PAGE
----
Com­mu­nity gets be­hind Woom­bye

Sold On Sunshine Coast - - Suburb Profile | Woombye -

WITH a past steeped in his­tory, the hin­ter­land town of Woom­bye has as­sured it­self of a bright fu­ture by of­fer­ing the best of both worlds – coun­try and coastal life­styles.

What started as an overnight stop for Cobb and Co coaches dur­ing the Gympie gold rush in the 1860s be­came a pros­per­ous farm­ing area.

For the past 10–20 years it has been an at­trac­tive al­ter­na­tive to the coastal strip with friendly coun­try-style busi­nesses, yet with all the town ser­vices.

The me­dian house price of $410,000 in April 2014 now sits at $487,500 in 2018.

Strong rises in 2016 saw the me­dian price reach a high of $507,500 in Novem­berDe­cem­ber.

This was on the back of the suc­cess of Plan­ta­tion Rise es­tate. More re­cently the Hori­zons North es­tate, closer to town, has sold out.

The me­dian price of land at April was $305,000. Most house sales are in the $200,000–$800,000 range, with five sales in the past year above that.

As well as an es­tab­lished school of arts hall and his­toric ho­tel, the rail­way town has a well-re­garded state pri­mary school and sport­ing or­gan­i­sa­tions such as the Woom­bye Bowls Club and the Woom­bye Snakes Foot­ball Club, a foun­da­tion mem­ber of the Sun­shine Coast com­pe­ti­tion.

The pop­u­lar­ity of horse and life­style prop­er­ties, as well as hor­ti­cul­ture, has seen a con­tin­ued de­mand for ru­ral sup­plies.

Pineap­ple crates at the rail­way sta­tion have given way to brief­cases as the sub­ur­ban timeta­bles are be­ing in­creas­ingly used by com­muters.

Avo­cado, cus­tard ap­ple and mango or­chards thrive in the rich soils, along with straw­berry fields and pineap­ple farms.

Woom­bye is de­rived from the Abo­rig­i­nal word wum­bai, re­fer­ring to the mean­ing of a “place of black snake”, black myr­tle or axe han­dle from black myr­tle.

Dat­ing back to 1867, when the dis­cov­ery of gold at Gympie pro­moted the road open­ing be­tween Bris­bane and the gold­field, the route was di­rected down from Mary­bor­ough.

Orig­i­nally called Mid­dle Camp, Cobb and Co started a catch ser­vice from Gympie in 1868 and es­tab­lished an overnight stop at this lo­ca­tion.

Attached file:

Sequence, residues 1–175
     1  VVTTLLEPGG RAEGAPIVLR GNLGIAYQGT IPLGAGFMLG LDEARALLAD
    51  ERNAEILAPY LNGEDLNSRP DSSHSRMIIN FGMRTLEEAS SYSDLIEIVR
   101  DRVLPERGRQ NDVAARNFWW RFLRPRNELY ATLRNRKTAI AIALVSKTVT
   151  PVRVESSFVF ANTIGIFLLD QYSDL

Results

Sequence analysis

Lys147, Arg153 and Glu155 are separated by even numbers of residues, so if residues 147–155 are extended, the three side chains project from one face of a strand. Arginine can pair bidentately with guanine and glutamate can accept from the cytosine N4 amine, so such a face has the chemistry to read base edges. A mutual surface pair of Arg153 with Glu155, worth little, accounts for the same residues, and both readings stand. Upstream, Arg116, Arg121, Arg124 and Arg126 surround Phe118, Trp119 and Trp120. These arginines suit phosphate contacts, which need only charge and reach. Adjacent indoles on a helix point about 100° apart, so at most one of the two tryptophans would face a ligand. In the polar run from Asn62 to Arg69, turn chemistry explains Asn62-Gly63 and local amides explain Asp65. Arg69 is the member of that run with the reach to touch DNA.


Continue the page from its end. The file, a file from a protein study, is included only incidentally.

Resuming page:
With con­fu­sion about the name, it was later changed to what we know it as to­day, Woom­bye. In 1889, when the town­ship was sur­veyed, a school, Cobbs Camp Ho­tel and a con­sid­er­able num­ber of farms opened up. Fi­nally in 1891, the rail­way was open for busi­ness.

Woom­bye is a com­mu­nity grown sub­urb that thrives on lo­cal sup­port and is home to the Sun­shine’s Coast long­est es­tab­lished soc­cer club, the Woom­bye Snakes.

The town is cen­tred off the rail­way sta­tion that pro­vides nu­mer­ous rail ser­vices trav­el­ling both north and south.

De­part­ing for Bris­bane daily, Woom­bye is an ideal lo­ca­tion for hin­ter­land liv­ing, with easy ac­cess to Bris­bane.

The iconic Woom­bye Pub has been a foun­da­tion of com­mu­nity life since the 1800s.

Home to the her­itage-listed tourist at­trac­tion is The Big Pineap­ple. This 16m-high struc­ture opened in Au­gust 1971.

Sit­u­ated on 165ha of land, the fam­ily-friendly venue of­fers two rides, one be­ing a small train that takes visi­tors on a tour of the plan­ta­tion. This site also hosts an an­nual mu­sic fes­ti­val, an­i­mal zoo and is home to mar­kets of­fer­ing lo­cals and visi­tors a range of fresh, lo­cal fruit and veg­eta­bles.

Woom­bye is home to the Payn­ter’s Creek rest area, which is one of the three north coast road­side rest ar­eas that are her­itage listed rest ar­eas in Queens­land.

Woom­bye is a com­mu­nity-based town that thrives on the suc­cess and sup­port of the lo­cal com­mu­nity.

PHOTO: BRETT WORTMAN

An ae­rial view of Woom­bye.

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